Further objects, features, advantages and properties of the mobile communication terminal, the method for controlling the activation of lights of a mobile communication terminal, the computer terminal and music data file or sequence format according to the invention will become apparent from the detailed description.
In the following detailed portion of the present description, the invention will be explained in more detail with reference to the exemplary embodiments shown in the drawings, in which
In the following detailed description, a mobile communication terminal according to the invention in the form of a hand portable phone, preferably a cellular/mobile phone, will be described by the preferred embodiments.
According to a preferred embodiment, the keypad 2 has a first group of alphanumeric keys 9, two softkeys 10, a cursor navigation key 11 (scroll up/down), and on-hook and off-hook keys 12. The present functionality 22 of the softkeys 10 is shown in separate fields 21 (softkey-labels) in the display 3 just above the softkeys. The softkeys 10 are multifunction keys and their present function depends on the state of the mobile phone 1. The softkeys 10 give access to the menu, the phonebook and call can activate actions related to call handling and message handling. A releasable battery pack (not shown) is received in a cavity under the releasable rear cover of the mobile phone 1.
The mobile phone 1 is provided with a plurality of lights 7.1 . . . 7.6 arranged under transparent parts in the peripheral area of the front cover 14. The lights 7.1 . . . 7.6 are LEDs that can be activated in three different colors (red, green and yellow) and in a range of 127 different intensities. Different colors can be created by simultaneous activation of two differently colored LEDS, or by LEDs with several internal LEDs (e.g. red, green, blue). Further, the keys 9, 10, 11 and 12 are individually illuminated by backlights 4 formed by LEDs (or could electro-luminescent foils), as shown in
The display 3 is an LCD color display with a backlight 8 that can be activated in a range of 127 different intensities. The backlight of display produces only substantially white light.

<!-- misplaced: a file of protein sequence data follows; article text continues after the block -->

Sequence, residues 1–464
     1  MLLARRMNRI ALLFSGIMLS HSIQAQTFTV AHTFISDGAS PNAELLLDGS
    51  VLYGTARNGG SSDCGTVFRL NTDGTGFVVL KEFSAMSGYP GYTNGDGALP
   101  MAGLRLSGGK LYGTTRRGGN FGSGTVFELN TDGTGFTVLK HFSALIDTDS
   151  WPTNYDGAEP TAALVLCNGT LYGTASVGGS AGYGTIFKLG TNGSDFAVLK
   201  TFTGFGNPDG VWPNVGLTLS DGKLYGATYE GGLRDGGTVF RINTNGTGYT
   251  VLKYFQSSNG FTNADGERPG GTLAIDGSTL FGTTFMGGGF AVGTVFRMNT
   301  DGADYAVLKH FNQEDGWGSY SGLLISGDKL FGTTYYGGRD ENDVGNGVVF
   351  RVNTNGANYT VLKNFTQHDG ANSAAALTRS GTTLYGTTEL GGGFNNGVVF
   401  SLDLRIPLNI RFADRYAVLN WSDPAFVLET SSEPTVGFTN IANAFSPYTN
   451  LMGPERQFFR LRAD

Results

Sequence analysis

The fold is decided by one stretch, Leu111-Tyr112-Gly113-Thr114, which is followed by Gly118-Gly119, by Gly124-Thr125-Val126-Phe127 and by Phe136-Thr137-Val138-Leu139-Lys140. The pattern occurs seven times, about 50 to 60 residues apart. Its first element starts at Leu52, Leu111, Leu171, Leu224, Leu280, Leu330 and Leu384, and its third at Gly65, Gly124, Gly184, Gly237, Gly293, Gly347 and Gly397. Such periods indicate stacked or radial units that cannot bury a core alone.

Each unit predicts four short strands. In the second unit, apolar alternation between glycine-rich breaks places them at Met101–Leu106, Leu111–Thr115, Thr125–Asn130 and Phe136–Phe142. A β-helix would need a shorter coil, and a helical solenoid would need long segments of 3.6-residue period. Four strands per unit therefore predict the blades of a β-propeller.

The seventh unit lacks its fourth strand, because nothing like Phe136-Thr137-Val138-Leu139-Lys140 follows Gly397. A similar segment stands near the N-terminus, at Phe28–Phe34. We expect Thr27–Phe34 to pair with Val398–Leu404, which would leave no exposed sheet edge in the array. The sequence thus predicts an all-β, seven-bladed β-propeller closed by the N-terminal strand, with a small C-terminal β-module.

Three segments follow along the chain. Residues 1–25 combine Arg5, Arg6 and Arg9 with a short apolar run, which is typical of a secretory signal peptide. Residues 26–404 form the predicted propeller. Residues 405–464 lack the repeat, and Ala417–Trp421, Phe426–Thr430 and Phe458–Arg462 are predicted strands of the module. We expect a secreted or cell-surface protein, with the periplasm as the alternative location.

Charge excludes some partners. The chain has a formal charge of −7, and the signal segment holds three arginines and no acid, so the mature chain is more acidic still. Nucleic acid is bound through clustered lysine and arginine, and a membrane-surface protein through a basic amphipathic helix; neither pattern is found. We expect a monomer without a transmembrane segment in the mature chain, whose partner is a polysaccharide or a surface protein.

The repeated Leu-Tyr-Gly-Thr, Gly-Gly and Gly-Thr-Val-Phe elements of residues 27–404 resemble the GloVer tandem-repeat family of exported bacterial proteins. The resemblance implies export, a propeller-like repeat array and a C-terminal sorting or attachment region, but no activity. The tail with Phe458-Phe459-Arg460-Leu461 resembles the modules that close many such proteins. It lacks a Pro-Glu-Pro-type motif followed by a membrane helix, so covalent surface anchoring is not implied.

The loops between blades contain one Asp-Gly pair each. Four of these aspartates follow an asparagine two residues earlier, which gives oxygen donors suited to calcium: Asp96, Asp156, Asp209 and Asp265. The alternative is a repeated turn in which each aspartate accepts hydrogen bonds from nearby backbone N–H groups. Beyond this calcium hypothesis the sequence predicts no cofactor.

A flashlight is placed at the top of the phone (not visible) and can be activated in one color and in one intensity (on/off).
The mobile station includes a processor unit 101, which is responsible for the operation of the whole mobile station. The processor unit 101 comprises a microprocessor by means of which functions are controlled and monitored. The mobile station further includes a memory 160, keypad 2 and a data interface 170 dependent on the particular device and application.
Messages to be sent from the mobile station are composed in the processor unit 101 from which they are directed to a transmitter part TX 143 and thence via a duplexer 141, which may be a filter or switch, to an internal antenna 140 to be transmitted further. Sounds received by a microphone 147 can be directed via a speech encoder 146 to the processor unit 101. Messages received by the antenna 140 are directed via the duplexer 141 to a receiver part 142 from which place the message is taken further depending on its type. Received messages may be directed either via the control unit 101 to a message-processing unit or direct to a speech decoder 144 and then to a loudspeaker 145.
A decoder 115 decodes music data and passes the relevant information on to a lights controller 102 and light configuration database 106, a vibrator controller 120, a vibration configuration database 122 and to a MIDI player 134.
The lights controller 102 activates the lights 4,7.1-7.6, and 8; in
The MIDI player 134 comprises a synthesizer 130 and a wavetable 132 containing sound samples, e.g. digitized samples of musical instruments. The synthesizer fetches sound samples from the wavetable in accordance with messages received from the decoder 110 and converts the digital sound samples to analogue audio signals. The sound of existing instruments is sampled and stored inside the wavetable. The wavetable is a collection of these small samples. By repeatedly playing samples from this table in a loop the original sound is imitated. The synthesizer 130 sends analogue audio signals to be reproduced via an amplifier (not shown) to the loudspeaker 145.
Data is input to the display control unit 110 from the processor unit 101 or graphic objects memory 112. The display controller 110 directs the data further to the display 111 where it is presented to the user. The control unit 101 also has a direct connection with the graphic objects memory 112, which means the control unit can process the graphic objects in memory e.g. by modifying, deleting or adding them.